- Props: whatever you're reading from, be it Kindle/tablet or paper then check you have the correct story. If paper then I always take several copies and even keep a back-up with a friend (if going with someone). And check you have ALL the pages. (My writing chum Wendy likes to tease me about the reading evening we both went to at a friend's house, where I forgot to check the pages of my story. At the exciting part I suddenly realised I hadn't printed out the last 2 pages. Ad-libbing the rest of the story really didn't work.) Also check you can actually read the piece - make sure the font is big enough and you have the right glasses for reading! (My husband never seems to have the 'right' glasses wherever we go).
- Timed slot: if there are time slots then don't dawdle, get up to read quickly when your name is called. Don't suddenly start searching through your bag for the story/poem. Don't waste time introducing yourself or the story, but do clearly announce the title of what you're reading even if the compere has already given the title. To me the title of the piece is often critical to understanding and enjoying the work. Don't hang about on stage after you finished - get off quickly. This could mean the difference between there being time for more readings at the end or running out of time.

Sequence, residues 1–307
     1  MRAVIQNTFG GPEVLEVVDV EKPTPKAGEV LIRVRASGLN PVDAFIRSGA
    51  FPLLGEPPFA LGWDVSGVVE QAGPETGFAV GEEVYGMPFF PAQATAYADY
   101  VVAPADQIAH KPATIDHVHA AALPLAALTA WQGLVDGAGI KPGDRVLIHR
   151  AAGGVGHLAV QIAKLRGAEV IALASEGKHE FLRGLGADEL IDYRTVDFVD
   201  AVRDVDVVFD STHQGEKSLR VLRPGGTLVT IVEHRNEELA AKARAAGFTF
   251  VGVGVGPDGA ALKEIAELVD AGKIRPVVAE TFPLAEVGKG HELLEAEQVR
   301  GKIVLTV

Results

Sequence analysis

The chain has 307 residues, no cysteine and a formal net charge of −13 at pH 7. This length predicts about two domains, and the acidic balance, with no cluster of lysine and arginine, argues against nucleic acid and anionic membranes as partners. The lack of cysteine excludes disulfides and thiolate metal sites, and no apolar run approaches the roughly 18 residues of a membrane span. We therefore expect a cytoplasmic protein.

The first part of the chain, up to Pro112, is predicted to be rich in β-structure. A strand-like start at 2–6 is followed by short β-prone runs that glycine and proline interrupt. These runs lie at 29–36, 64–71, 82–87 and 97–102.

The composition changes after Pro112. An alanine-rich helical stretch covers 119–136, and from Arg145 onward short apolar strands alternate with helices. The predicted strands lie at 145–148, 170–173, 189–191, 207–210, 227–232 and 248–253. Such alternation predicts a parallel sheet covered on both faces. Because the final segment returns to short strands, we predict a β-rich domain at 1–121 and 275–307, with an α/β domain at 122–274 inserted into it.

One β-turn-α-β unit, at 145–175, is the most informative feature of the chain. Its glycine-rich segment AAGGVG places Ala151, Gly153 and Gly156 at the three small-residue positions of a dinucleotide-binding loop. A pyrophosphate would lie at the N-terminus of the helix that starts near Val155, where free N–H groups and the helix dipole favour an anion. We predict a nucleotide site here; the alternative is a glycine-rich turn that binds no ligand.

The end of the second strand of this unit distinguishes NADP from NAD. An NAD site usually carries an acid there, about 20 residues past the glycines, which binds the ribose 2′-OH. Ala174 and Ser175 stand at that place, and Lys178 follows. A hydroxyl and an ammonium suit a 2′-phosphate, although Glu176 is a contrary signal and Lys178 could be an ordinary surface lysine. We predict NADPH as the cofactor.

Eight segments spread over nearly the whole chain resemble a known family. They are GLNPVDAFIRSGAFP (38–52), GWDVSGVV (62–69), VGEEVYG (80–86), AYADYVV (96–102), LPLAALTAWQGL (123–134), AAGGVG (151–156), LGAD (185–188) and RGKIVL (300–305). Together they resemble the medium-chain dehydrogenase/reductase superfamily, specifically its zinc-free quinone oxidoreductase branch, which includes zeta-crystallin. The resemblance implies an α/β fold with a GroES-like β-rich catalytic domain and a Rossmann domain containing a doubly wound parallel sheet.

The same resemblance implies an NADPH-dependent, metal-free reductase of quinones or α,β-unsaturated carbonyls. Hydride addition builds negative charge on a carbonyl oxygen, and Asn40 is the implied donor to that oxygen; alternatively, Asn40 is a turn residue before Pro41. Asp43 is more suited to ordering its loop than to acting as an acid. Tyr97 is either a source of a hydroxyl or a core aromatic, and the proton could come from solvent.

- Introductions & questions: if you've been asked to prepare a biog or introduction then bring it along. A compere may also introduce you if you've forwarded a biog. Some events encourage questions after the reading (Rattle Tales in Hove are famous for this. The audience all have rattles on the tables to use when asking questions or showing appreciation.) Be prepared to stay up on the stage for a few minutes to answer these.
- Speed: take your time. I can't repeat this enough. Nothing spoils the enjoyment of a piece more than the reader gabbling through it at top speed - just to get it over with. Remember the audience has come along to hear stories and poetry (they may have paid to get in) - they want to enjoy your work. People don't go to Live Lit events to see others fail - they want you to succeed! A lot of events use stages with spotlights on the reader. This is a good thing! Once you get up on the stage you realise the audience is hidden in darkness - you can't see any of them. Relax and pretend you're back in your kitchen reading to the cat (I always read to LitPig).
- Alcohol: avoid it before you read. You make think one glass of wine, or pint of beer will help to relax you, but alcohol will dry out your throat. You may end up a little too relaxed. Stick to water or soft drinks before you go on. Once you've read then a glass or two is always a nice reward - you will have earned it. Though you may find the natural high after a live reading is better than alcohol!
- ENJOY IT!
Also next week R4 is broadcasting the shortlisted stories from 2015 National Short Story Competition at 3.30pm Mon-Friday. Starting with Jonathan Buckley's 'Briar Road' on Monday 21st Sep. I will be listening to these and posting next week about my favourites for the top prize. Along with my thoughts on the competition and why I didn't enter this year. Why don't you listen to the shortlist and share your favourites here next Monday.